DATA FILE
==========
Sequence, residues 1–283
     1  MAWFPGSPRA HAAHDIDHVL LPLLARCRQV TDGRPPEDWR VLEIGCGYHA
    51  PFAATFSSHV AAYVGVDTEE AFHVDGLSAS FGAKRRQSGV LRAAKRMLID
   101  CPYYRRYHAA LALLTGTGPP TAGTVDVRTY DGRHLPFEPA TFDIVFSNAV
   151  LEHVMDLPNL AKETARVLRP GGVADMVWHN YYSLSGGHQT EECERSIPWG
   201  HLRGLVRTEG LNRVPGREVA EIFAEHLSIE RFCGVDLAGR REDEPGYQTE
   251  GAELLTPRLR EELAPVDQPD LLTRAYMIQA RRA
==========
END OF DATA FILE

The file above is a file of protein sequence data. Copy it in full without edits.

Sequence, residues 1–283
     1  MAWFPGSPRA HAAHDIDHVL LPLLARCRQV TDGRPPEDWR VLEIGCGYHA
    51  PFAATFSSHV AAYVGVDTEE AFHVDGLSAS FGAKRRQSGV LRAAKRMLID
   101  CPYYRRYHAA LALLTGTGPP TAGTVDVRTY DGRHLPFEPA TFDIVFSNAV
   151  LEHVMDLPNL AKETARVLRP GGVADMVWHN YYSLSGGHQT EECERSIPWG
   201  HLRGLVRTEG LNRVPGREVA EIFAEHLSIE RFCGVDLAGR REDEPGYQTE
   251  GAELLTPRLR EELAPVDQPD LLTRAYMIQA RRA